Host Saudi warns of economic fallout from Gaza war at global summit

Photo: AFP

By Robbie Corey-Boulet and Haitham El-Tabei AP

Saudi Arabia on Sunday called for regional “stability”, warning of the effects of the ongoing Israel-Hamas war on global economic sentiment at the start of a summit attended by a host of Gaza mediators.

US Secretary of State Antony Blinken, Palestinian leaders and high-ranking officials from other countries trying to broker a ceasefire between Israel and Hamas are on the guest list for the summit in Riyadh, capital of the world’s biggest crude oil exporter.

The Gaza war along with conflicts in Ukraine and elsewhere put “a lot of pressure” on the economic “mood”, Saudi Finance Minister Mohammed al-Jadaan said at one of the first panel discussions of the two-day World Economic Forum (WEF) special meeting.

“I think cool-headed countries and leaders and people need to prevail,” Jadaan said. “The region needs stability.”

The war in Gaza, which has sent regional tensions soaring, began with an unprecedented attack on southern Israel by Palestinian militant group Hamas on October 7.

The attack resulted in the deaths of about 1,170 people, mostly civilians, according to an AFP tally of Israeli official figures.

Israel estimates that 129 hostages seized by militants on October 7 are still being held in Gaza, including 34 the military says are dead.

Vowing to destroy Hamas, Israel’s retaliatory offensive has killed at least 34,454 people in Gaza, mostly women and children, according to the health ministry.

Speaking in Riyadh, Palestinian president Mahmud Abbas said the United States “is the only country capable” of preventing Israel’s long-feared invasion of Rafah city in southern Gaza.

“We appeal to the United States of America to ask Israel to stop the Rafah operation,” Abbas said, warning it would harm and displace civilians, and be “the biggest disaster in the history of the Palestinian people”.

– ‘New momentum’ in hostage talks –

Saudi planning minister Faisal al-Ibrahim told a press conference on Saturday, previewing the summit, that the world is “walking a tightrope right now, trying to balance security and prosperity”.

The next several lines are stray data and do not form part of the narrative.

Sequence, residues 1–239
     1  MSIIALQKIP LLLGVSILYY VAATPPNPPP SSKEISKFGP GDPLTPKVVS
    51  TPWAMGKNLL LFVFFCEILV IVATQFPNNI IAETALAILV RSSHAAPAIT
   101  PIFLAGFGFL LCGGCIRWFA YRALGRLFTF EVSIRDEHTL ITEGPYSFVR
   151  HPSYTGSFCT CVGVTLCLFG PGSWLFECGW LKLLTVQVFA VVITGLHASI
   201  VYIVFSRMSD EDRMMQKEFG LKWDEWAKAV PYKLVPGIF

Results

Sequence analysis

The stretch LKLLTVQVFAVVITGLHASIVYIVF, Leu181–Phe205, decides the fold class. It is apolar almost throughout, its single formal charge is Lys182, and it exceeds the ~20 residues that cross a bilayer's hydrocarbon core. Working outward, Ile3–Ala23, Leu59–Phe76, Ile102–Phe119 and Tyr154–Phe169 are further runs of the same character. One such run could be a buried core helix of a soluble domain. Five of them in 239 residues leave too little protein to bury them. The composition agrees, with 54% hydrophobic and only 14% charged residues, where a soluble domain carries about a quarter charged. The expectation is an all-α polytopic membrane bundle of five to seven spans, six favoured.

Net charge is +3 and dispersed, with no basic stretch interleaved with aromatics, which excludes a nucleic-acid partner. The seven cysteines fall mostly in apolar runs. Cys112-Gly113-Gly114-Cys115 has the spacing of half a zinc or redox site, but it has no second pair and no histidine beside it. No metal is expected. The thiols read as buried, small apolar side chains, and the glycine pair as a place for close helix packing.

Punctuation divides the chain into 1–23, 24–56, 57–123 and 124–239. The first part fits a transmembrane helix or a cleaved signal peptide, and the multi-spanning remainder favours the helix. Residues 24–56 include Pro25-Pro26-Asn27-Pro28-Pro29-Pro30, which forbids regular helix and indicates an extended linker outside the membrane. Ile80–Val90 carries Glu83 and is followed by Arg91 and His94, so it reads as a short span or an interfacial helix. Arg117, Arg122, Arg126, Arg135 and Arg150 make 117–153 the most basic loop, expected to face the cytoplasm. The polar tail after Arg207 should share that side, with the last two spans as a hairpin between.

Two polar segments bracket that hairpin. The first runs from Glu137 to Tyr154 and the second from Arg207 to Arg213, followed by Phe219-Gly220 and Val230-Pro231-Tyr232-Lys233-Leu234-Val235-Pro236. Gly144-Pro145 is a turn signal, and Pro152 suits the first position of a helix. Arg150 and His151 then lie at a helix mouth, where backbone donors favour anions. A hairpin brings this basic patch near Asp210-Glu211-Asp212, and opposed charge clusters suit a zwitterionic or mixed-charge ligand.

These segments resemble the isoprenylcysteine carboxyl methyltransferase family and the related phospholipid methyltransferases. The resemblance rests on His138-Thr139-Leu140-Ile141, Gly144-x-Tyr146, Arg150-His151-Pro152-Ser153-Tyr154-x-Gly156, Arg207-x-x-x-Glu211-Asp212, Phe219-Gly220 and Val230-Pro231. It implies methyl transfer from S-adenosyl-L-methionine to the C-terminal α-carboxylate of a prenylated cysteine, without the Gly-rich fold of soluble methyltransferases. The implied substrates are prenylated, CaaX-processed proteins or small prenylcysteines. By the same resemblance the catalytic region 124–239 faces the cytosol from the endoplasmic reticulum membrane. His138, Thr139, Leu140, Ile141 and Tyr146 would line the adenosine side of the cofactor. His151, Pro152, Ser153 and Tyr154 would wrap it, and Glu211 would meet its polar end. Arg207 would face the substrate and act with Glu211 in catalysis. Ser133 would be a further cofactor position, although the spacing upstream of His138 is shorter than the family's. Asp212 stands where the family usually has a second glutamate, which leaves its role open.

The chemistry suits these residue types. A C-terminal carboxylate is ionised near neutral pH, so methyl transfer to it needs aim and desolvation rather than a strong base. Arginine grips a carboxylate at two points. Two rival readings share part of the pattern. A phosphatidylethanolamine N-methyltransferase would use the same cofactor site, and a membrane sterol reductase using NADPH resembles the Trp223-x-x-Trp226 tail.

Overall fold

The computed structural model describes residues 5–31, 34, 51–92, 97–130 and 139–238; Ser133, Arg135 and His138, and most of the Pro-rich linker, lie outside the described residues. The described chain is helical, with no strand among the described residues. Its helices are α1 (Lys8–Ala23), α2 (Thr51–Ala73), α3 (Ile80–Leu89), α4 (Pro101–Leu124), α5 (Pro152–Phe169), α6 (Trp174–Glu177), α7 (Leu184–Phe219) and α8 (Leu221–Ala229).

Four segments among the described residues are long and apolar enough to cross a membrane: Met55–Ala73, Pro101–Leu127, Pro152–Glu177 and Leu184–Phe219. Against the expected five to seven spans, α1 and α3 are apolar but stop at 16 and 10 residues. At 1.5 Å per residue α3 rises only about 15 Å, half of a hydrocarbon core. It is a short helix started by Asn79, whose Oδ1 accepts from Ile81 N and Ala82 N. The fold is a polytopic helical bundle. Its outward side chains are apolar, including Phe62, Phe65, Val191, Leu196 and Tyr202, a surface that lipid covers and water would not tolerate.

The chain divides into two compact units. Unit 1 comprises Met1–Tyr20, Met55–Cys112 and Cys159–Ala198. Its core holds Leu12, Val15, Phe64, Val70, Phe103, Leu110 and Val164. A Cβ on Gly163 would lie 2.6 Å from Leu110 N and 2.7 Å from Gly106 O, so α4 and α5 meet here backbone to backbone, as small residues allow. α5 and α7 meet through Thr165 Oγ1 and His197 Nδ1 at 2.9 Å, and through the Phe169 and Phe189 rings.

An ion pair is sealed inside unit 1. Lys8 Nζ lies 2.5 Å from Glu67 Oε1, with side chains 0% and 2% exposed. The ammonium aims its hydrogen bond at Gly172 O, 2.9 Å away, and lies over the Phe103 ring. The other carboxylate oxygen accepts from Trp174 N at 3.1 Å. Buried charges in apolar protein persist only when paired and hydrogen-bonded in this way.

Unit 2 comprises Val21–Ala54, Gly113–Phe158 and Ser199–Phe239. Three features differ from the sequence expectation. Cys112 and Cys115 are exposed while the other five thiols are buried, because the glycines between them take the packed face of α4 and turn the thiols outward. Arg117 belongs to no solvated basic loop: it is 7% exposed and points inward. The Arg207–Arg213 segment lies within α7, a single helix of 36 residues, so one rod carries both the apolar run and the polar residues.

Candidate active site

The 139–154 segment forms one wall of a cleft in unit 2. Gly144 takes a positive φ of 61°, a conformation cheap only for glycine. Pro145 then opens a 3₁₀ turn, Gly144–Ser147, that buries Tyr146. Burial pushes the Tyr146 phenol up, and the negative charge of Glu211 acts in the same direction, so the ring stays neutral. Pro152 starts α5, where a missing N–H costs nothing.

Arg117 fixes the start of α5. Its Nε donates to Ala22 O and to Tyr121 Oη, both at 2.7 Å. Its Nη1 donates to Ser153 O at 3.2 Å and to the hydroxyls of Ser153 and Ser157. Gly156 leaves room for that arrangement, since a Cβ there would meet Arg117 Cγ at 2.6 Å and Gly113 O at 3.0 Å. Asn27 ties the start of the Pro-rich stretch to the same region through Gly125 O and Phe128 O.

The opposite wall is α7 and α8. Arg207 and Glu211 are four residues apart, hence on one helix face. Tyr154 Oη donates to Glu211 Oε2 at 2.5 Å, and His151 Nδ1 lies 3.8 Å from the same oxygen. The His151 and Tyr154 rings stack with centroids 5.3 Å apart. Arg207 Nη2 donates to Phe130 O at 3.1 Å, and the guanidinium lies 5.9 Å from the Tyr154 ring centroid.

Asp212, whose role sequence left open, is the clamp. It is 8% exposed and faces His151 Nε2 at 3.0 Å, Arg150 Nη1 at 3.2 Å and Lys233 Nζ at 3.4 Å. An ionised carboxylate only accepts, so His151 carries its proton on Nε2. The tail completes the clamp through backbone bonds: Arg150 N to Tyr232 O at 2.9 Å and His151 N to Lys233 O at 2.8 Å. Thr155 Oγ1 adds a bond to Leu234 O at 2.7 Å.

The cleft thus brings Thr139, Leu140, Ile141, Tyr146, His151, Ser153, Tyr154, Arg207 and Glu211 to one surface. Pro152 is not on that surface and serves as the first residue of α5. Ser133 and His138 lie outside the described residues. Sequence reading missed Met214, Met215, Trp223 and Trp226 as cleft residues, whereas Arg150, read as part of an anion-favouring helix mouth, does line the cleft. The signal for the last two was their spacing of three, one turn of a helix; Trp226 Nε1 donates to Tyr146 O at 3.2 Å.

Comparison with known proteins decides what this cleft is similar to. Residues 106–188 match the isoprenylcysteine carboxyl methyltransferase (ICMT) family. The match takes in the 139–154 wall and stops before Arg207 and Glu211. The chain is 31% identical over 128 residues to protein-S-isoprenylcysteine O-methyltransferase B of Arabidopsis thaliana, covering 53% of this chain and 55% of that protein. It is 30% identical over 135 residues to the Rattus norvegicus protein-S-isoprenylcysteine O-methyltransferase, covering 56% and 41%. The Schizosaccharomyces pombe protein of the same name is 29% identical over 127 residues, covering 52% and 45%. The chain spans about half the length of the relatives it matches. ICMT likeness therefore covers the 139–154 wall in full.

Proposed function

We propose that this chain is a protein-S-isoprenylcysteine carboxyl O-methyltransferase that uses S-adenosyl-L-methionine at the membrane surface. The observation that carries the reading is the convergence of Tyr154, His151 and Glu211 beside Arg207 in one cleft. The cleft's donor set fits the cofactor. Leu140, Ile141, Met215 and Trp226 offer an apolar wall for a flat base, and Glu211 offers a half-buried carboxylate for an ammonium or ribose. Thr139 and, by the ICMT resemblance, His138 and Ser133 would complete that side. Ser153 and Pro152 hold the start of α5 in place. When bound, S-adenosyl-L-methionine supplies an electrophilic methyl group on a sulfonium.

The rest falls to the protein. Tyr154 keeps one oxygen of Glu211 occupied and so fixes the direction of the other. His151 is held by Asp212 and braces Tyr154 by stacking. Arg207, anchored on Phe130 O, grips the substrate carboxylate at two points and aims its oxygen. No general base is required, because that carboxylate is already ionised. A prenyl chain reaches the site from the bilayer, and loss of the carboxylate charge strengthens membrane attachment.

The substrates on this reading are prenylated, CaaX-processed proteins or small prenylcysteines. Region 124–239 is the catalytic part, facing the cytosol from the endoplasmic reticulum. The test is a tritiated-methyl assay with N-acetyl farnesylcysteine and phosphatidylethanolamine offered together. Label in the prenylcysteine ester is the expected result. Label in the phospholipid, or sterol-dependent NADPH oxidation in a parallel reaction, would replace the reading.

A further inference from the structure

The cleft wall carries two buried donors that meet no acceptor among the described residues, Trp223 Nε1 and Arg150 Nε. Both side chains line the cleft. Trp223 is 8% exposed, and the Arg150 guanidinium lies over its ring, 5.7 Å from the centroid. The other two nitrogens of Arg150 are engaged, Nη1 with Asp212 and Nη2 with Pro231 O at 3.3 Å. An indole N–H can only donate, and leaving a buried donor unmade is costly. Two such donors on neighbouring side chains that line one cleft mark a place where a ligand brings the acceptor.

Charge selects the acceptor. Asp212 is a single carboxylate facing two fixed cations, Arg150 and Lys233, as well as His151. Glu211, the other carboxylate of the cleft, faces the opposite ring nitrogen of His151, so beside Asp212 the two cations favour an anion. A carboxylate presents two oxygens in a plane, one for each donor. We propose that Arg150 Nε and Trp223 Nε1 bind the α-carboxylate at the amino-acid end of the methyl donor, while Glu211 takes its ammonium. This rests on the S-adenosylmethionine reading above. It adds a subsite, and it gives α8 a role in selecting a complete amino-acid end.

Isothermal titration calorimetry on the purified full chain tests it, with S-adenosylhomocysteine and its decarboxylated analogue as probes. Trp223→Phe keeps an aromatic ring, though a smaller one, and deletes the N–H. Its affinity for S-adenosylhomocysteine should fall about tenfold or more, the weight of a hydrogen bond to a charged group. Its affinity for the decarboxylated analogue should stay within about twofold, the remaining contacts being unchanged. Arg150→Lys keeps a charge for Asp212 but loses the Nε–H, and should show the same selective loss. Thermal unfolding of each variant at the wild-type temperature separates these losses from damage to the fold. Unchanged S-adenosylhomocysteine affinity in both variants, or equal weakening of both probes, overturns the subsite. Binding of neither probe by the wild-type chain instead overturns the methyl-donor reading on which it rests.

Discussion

“We meet at a moment when one misjudgement or one miscalculation or one miscommunication will further exacerbate our challenges.”

WEF president Borge Brende said there was “some new momentum now in the talks around the hostages, and also for… a possible way out of the impasse we are faced with in Gaza”.

However there will be no Israeli participation at the summit.

“This is more an opportunity to have structured discussions” with “the key players” including mediators Qatar and Egypt, he said.

“There will be discussions, of course, on the ongoing humanitarian situation in Gaza” as well as on Iran, which backs Hamas and Lebanon’s Hezbollah group, he added.

The US State Department said Blinken will “discuss ongoing efforts to achieve a ceasefire in Gaza that secures the release of hostages”.

Hamas said on Saturday it was studying the latest Israeli counterproposal regarding a potential ceasefire in Gaza, a day after media reports said a delegation from mediator Egypt arrived in Israel in a bid to jump-start stalled negotiations.

– Spotlight on Saudi –

From the outset Saudi Arabia has worked with other regional and global powers to try to contain the war in Gaza and avoid the type of conflagration that could derail its ambitious economic reform agenda known as Vision 2030.

The kingdom also remains in talks about a landmark deal under which it would recognise Israel for the first time while strengthening its security partnership with the United States, though analysts say the war has made it more difficult.

Meanwhile the conservative Gulf kingdom, home to the holiest shrines in Islam, is trying to open up to the world, luring business leaders and non-religious tourists.

Hosting international events such as the WEF meeting allows the kingdom to showcase social changes including the reintroduction of cinemas and the lifting of a ban on women driving.

“Eight years into Vision 2030, we have demonstrated our willingness to lead the way towards a model of transformative growth that is innovative, inclusive and sustainable,” Ibrahim said on Saturday.

Yet questions persist about just how much of Vision 2030 will be achieved and when, with special scrutiny falling on signature projects such as NEOM, a planned futuristic megacity.

In December, Jadaan, the Saudi finance minister, said officials had decided to push the timeframe for some major projects past 2030, without specifying which ones, though he also noted that others would be accelerated.

Saudi Arabia is projecting budget deficits through 2026 and GDP growth was nearly flat last year after a series of oil production cuts.

Jadaan stressed on Sunday that non-oil GDP growth was “very healthy” at 4.4 percent and that “Vision 2030 is about, actually, the non-oil GDP”.

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